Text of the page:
Sir Lord William Penney OM KBE FRS FRSE

Died aged c. 82

William George Penney, Baron Penney OM KBE FRS FRSE (24 June 1909 – 3 March 1991), was an English mathematician and professor of mathematical physics at the Imperial College London and later the rector of Imperial College. He is acknowledged as having had a leading role in the development of Britain's nuclear programme, a clandestine programme started in 1942 during World War II which produced the first British atomic bomb in 1952. As the head of the British delegation working in the Manhattan Project, Penney initially carried out calculations to predict the damage effects generated by the blast wave of an atomic bomb. Upon returning home, Penney directed Britain's own nuclear weapons directorate, codename Tube Alloys, and directed scientific research at the Atomic Energy Research Establishment which resulted in the first detonation of a British nuclear bomb, (see codename Operation Hurricane) in 1952. After the test, Penney became chief adviser to the newly created British government's United Kingdom Atomic Energy Authority (UKAEA). He was later chairman of the authority, which he used in international negotiations to control nuclear testing with the Partial Nuclear Test Ban Treaty. Penney's notable scientific contributions included the mathematics for complex wave dynamics, both in shock and gravity waves, proposing optimization problems and solutions in hydrodynamics (which plays a major role in materials science and metallurgy.) During his later years, Penney lectured in mathematics and physics, and was tenured as the Rector of the Imperial College London until his death.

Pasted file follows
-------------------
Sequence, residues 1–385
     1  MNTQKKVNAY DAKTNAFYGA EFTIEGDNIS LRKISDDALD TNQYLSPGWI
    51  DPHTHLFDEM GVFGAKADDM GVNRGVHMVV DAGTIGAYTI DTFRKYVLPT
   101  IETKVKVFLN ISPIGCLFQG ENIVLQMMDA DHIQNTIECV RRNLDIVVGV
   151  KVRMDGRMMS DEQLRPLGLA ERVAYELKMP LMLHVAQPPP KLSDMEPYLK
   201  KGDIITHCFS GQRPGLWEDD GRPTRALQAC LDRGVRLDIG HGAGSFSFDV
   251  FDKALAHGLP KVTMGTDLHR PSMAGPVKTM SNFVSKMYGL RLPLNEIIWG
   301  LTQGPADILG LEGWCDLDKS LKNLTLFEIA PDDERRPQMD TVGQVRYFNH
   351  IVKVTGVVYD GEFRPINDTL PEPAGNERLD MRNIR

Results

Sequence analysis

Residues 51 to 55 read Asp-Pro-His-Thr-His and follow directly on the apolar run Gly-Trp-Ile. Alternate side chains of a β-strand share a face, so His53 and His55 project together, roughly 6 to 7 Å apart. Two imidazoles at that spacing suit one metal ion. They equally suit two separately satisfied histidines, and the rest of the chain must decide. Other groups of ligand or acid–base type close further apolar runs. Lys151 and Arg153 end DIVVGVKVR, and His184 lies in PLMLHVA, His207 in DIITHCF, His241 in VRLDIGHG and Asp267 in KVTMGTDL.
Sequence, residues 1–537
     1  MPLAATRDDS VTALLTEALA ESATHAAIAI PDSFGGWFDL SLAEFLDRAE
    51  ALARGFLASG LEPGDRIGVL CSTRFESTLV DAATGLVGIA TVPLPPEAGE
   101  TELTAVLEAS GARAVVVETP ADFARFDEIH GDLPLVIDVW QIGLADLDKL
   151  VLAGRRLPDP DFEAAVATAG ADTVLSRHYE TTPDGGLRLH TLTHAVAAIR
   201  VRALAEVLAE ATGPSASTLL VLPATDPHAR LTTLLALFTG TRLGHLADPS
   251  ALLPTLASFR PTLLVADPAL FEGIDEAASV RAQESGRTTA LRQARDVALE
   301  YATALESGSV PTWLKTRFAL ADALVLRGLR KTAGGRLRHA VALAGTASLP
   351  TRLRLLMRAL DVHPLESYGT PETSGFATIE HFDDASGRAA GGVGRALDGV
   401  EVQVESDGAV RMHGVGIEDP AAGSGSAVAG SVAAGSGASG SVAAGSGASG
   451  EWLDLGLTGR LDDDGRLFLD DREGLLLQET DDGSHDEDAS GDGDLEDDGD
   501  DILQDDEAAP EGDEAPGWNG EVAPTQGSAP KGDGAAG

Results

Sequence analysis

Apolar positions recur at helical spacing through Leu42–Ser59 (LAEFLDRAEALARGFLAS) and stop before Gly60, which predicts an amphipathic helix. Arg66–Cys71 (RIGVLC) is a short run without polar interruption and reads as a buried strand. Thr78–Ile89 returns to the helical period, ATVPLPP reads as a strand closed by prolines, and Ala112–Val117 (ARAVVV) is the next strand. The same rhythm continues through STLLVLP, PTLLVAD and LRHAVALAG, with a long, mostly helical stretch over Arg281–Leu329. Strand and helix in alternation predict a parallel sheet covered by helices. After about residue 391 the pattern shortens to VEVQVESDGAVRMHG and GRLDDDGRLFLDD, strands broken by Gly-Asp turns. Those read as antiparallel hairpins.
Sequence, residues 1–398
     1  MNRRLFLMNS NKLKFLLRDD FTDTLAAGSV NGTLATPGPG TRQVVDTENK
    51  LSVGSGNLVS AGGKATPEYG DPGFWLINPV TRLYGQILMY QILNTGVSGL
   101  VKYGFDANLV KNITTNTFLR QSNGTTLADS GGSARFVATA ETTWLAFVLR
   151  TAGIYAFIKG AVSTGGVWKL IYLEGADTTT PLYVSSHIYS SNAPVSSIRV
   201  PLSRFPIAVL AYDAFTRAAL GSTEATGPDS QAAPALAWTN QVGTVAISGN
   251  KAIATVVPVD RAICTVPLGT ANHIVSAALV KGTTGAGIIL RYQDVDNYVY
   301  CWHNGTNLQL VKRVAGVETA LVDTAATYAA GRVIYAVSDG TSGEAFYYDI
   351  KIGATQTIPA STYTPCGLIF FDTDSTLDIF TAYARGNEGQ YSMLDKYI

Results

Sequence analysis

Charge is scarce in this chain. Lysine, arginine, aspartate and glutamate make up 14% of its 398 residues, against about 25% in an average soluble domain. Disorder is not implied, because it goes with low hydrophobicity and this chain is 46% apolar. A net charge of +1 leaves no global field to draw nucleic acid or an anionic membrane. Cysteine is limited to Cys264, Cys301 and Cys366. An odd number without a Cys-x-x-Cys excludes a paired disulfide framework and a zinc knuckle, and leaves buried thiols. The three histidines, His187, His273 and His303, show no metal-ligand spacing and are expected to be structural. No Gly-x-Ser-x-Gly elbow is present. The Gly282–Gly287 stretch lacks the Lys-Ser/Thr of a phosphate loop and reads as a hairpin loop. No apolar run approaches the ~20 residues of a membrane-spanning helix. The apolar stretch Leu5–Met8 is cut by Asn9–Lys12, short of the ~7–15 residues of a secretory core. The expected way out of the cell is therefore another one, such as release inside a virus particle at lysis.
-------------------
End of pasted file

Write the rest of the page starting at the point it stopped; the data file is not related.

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Commemorated on 1 plaque

William Penney 1909–1991 Baron Penney of East Hendred OM mathematical physicist, public servant, Rector of Imperial College lived here 1963-1991

Orchard House, Cat Street, East Hendred, United Kingdom where they lived